Authorities had required anyone traveling to the disaster areas to obtain a police-issued sign, but this was suspended on Monday due to overwhelming demand. Lahaina resident Kevin Eliason said when he was turned away, the line of cars with people waiting for a sign grew to at least 3 miles.
“That’s a joke,” Eliason said. “It’s just crazy. They probably didn’t expect tens of thousands of people to show up there.”
The fire that ravaged century-old Lahaina last week destroyed nearly every building in the city of 13,000. According to the district, the fire was contained by 85%. Another blaze, known as the “Upcountry Fire,” has been 60% contained, officials said.
“There’s very little left there,” Green said of Lahaina in a video update on Sunday, adding that “an estimated $5.6 billion worth has disappeared.”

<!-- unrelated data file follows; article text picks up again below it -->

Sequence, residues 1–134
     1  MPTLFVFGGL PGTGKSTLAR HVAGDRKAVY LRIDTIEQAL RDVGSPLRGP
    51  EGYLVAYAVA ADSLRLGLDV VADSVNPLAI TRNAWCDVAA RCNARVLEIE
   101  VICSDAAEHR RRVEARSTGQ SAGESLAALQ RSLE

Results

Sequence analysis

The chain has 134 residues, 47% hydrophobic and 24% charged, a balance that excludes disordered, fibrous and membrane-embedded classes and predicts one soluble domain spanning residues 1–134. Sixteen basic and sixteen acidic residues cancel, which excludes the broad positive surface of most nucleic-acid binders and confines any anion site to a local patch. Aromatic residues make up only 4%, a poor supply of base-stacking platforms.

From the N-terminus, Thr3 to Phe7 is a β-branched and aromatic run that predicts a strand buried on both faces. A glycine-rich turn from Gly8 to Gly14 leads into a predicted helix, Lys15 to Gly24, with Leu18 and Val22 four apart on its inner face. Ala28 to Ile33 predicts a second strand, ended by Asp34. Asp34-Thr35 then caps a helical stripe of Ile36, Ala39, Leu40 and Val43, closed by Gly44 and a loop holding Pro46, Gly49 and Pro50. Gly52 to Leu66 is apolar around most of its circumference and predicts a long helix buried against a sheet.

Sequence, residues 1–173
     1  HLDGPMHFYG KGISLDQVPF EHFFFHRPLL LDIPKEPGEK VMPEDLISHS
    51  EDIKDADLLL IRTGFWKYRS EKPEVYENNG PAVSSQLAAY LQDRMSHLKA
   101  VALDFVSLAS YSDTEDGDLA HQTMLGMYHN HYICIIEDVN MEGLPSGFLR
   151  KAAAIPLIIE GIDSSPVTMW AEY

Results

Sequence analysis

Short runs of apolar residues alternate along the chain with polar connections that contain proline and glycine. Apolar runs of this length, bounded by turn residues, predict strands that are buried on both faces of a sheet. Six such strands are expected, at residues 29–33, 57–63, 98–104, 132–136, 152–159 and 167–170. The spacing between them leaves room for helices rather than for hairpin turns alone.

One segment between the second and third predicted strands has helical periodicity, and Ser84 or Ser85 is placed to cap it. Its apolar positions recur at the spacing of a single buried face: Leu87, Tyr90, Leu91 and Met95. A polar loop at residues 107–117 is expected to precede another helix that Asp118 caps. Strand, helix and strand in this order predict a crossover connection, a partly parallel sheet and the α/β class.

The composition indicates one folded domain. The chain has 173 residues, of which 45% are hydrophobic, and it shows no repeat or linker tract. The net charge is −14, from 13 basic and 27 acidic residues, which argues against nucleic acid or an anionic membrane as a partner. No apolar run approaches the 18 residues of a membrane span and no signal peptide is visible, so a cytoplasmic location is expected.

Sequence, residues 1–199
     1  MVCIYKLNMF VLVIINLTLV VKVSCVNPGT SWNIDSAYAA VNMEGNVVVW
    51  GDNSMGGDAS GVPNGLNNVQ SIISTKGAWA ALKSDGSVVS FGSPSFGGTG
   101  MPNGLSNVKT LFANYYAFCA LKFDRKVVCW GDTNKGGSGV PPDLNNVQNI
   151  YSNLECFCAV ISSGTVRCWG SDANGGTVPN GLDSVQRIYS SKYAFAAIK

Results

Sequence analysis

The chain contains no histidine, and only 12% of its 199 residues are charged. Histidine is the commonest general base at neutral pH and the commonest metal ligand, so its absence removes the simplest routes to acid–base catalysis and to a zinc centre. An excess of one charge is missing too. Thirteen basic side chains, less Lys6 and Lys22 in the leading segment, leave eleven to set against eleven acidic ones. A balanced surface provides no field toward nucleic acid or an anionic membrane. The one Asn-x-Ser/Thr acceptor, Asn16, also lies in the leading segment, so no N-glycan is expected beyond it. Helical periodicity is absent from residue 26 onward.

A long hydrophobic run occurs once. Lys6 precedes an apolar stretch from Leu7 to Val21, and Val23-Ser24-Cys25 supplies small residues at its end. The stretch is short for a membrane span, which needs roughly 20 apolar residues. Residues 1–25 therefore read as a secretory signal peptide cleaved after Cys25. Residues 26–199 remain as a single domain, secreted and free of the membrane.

Even where the fire has died down, authorities have warned that toxic by-products could be left behind, including in drinking water after the flames put out toxic fumes. And many people just don’t have a home to return to.
According to the Red Cross, as of Monday, 575 evacuees were spread across five shelters, including the War Memorial Gymnasium in Wailuku. Among those in attendance was Oprah Winfrey, who told Hawaii News Now that she had been delivering toiletries, towels and water for the past few days.
Winfrey, a part-time Maui resident, warned that eventually the news crews will pull away from the destruction and the world will move on. But she said, “We’re all going to still be here, trying to figure out how best to rebuild.” … I’m going to stay here for the long haul and do what I can.”
As firefighters battled the blazes, numerous lawsuits were filed last week over access to water. On Wednesday morning, Judge Jeffrey Crabtree issued an order temporarily overriding the water limits he had imposed for 48 hours. He also authorized water distribution at the request of the Maui Fire Department, county, or state until further notice if the judge could not be reached.